Especially because the Jake Gyllenhaal look alike sitting two rows down never once looked at me. If I had pushed past 3, if maybe I had just done 3.2 he would have looked at me. Not that I cared because somewhere in the underground of the city was a boy roaming the system looking to get some extra change just so that we weren’t living in poverty. Or, somewhere in BedStuy streets he was rolling another without me ever coming to the surface. I wished the look alike would glance at me. In my reality, he’d fall for me. Beg for my number and pursue me even after mention of that boy whose heart I keep. He’d make it hard for me, confuse me into saying no and yes all in one breath.
Instead, he walks out on 86th street leaving me to tend to scars I should not have or wounds that go far deeper than a look alike.
I’m laying in my bed, and I’m singing. I’m signing and from the deepest recesses I feel pang. My face becomes hot and I ball up into myself, not knowing why or from where or for what only that armed tears are here like American soldiers on their way to war. I’m thinking about my run and the boy whose heart I keep and the store that made me start running again and the dream career looming in the shadows that made me apply to the store and the abysmal summer job that introduced me to this boy and the institution that certified me ready to go out into the world to find nothing but failure and sorrow coming up right in the middle of my bed.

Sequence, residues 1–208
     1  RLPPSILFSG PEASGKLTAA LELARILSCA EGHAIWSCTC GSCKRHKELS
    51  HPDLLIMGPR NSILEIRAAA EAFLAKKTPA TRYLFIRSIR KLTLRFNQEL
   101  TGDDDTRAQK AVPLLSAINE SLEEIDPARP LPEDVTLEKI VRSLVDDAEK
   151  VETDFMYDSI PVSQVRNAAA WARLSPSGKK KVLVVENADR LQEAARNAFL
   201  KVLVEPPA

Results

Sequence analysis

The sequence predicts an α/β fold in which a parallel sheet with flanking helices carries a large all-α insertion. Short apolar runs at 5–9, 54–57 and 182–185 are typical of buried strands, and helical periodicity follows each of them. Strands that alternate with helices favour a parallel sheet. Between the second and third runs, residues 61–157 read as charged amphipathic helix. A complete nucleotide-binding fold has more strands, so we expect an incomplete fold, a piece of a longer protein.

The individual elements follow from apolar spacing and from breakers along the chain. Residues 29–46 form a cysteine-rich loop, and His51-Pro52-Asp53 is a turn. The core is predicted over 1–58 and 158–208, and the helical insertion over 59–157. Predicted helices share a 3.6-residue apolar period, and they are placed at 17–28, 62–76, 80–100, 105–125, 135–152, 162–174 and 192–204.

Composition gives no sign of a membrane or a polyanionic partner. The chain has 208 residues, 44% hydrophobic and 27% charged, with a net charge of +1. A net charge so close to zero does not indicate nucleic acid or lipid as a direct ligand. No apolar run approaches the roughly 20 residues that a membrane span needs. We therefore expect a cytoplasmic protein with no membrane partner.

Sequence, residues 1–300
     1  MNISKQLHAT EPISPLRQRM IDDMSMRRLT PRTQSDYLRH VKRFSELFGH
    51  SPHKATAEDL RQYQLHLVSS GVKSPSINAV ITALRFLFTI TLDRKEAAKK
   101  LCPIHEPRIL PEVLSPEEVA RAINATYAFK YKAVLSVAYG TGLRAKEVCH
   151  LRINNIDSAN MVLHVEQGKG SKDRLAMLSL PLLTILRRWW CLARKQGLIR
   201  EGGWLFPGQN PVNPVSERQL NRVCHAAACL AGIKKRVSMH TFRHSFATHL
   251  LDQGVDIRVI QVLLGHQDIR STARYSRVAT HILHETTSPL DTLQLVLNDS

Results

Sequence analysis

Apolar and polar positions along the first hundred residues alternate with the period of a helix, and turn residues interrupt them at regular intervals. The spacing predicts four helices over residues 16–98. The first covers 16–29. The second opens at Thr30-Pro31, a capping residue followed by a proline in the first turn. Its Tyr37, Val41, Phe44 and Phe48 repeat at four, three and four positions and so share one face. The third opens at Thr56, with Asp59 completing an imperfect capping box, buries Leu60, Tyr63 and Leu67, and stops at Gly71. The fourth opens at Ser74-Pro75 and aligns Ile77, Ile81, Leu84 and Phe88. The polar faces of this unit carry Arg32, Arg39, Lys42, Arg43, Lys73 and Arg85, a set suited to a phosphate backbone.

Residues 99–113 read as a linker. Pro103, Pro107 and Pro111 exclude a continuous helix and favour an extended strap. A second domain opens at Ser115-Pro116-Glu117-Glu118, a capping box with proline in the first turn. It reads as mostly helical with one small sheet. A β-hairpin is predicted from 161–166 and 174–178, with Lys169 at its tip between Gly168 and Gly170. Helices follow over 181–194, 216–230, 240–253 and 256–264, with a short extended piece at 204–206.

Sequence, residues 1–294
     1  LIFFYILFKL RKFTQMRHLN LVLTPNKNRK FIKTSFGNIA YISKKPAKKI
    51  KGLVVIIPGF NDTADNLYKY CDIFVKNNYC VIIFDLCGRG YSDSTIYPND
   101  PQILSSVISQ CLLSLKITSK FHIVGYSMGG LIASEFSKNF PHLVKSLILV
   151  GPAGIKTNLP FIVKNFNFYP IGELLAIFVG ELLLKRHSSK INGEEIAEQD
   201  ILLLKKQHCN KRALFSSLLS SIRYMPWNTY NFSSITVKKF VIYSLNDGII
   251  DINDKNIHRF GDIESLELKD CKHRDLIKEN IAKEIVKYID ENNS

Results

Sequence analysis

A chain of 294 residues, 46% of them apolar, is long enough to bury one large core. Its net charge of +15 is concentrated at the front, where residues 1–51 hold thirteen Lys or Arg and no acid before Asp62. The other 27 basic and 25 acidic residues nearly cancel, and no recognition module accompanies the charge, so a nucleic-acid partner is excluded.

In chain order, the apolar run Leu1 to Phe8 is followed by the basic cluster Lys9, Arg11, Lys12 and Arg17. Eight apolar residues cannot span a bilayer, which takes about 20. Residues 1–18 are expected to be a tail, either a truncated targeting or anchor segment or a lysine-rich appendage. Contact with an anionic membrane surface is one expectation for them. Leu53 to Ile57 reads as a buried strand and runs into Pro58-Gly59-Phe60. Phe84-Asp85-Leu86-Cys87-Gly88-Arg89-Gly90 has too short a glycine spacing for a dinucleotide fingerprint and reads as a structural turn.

“If there’s specific resistance to women making movies, I just choose to ignore that as an obstacle for two reasons: I can’t change my gender, and I refuse to stop making movies. It’s irrelevant who or what directed a movie, the important thing is that you either respond to it or you don’t. There should be more women directing; I think there’s just not the awareness that it’s really possible. It is.”Kathryn Bigelow, on being a woman director today.
You’re Prettier When You Blow Me
15% of rape survivors are under the age of 12.**